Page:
Dr. Weston Price, a dentist, traveled the world in the 1930s to study healthy people.  The archive he left gives invaluable testimony about the foods healthy people ate.  Dr. Price demonstrated through biochemical analysis that native diets of healthy people were “rich in nutrients poorly supplied in modern diets” (139).  Included in the list of foods commonly used by some of the healthy people Dr. Price studied are whole milk, cheese, and butter from grass-fed animals (141). 

Numerous qualified observers in the early 1900s reported that cancer, diabetes, tuberculosis, and dental caries did not exist among Eskimos who ate a nutrient-dense, high protein, high-fat diet rich in fermented foods and kelp (110-115).  Nomadic peoples, some of whom exist today, consumed meat; meat fat; organs; and whole, real milk from healthy pasture-fed animals and fermented and foraged foods (112). 

Enzymes process human food.  When we eat, food initially rests in the upper part of our stomachs for thirty to forty-five minutes where the enzymes in the food itself begin digestion.  When the lower stomach opens, the body has to secrete enzymes and acids to process food.  Thus, people eating enzyme-rich foods stress the body less (104-105).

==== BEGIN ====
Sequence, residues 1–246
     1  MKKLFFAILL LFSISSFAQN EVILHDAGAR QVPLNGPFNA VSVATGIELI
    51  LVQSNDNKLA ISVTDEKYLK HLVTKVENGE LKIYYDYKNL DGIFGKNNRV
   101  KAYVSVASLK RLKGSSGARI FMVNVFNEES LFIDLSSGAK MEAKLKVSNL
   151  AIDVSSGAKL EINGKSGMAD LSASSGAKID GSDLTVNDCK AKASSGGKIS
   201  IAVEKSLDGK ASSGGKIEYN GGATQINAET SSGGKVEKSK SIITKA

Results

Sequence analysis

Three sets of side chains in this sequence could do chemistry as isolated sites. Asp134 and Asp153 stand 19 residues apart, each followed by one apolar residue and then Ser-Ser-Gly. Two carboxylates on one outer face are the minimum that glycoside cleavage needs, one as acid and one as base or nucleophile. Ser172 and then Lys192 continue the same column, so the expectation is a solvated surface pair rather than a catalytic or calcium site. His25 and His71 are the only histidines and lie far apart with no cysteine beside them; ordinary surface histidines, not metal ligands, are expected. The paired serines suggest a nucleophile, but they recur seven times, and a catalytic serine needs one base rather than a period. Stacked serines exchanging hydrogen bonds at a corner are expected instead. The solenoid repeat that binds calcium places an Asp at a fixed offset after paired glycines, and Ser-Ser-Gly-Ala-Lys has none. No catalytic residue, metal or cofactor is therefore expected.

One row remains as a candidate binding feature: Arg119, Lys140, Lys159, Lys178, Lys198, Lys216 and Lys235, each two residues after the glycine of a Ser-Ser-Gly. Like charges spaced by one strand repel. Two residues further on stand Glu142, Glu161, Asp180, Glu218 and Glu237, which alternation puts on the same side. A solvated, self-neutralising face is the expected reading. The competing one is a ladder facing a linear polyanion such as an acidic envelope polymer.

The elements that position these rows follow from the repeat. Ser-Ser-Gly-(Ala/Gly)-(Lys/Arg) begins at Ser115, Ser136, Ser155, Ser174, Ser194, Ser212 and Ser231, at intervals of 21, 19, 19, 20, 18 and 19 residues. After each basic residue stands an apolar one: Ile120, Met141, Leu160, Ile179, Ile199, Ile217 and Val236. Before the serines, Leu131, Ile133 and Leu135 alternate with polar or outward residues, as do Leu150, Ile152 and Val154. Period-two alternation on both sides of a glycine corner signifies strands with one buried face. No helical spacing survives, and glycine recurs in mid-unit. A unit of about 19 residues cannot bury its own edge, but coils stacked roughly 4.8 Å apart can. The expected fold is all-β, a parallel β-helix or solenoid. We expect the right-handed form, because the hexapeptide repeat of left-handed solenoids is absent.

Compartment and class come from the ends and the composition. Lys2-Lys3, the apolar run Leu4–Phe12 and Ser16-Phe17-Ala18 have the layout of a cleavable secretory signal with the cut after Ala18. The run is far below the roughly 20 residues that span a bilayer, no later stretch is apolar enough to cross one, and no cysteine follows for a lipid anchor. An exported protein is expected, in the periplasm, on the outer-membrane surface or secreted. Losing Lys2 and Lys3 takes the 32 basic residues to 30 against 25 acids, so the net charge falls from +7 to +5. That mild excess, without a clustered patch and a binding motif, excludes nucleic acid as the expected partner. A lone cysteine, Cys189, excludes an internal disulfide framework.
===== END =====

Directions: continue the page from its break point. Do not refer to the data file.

Milk contains eight identifiable enzymes which facilitate the utilization and digestion of milk.  Fermenting milk enhances these enzymes.  Two of these enzymes destoy pathogens.  Indeed, Schmid notes, lactoferrin was approved by the FDA in 2004 “for use as an anti-microbial spray to combat virulent E. coli contamination in the meat industry” (107).  Pasteurization destroys these enzymes and most of the vitamins C, B6, and B12  and changes the “physical and chemical state of calcium and other minerals that affect absorption” (108). 

Homogenization “crushes milk by forcing it under high pressure and temperature through holes in a die” (250).  People used to judge the quality of their milk by the layer of cream on the top of the glass bottle (250, 262).  The campaign to break down consumer resistence to homogenization took thirty years, but by the 1950s the milk industry “succeeded in convincing Americans to accept a product designed solely for the profit and convenience of manufacturers and distributors” (251). 

After pasteurization and homogenization, milk can be “transported over long distances and stored for a long time” (250).  And, ultrapasterized milk does not require refrigeration if stored in an airtight container.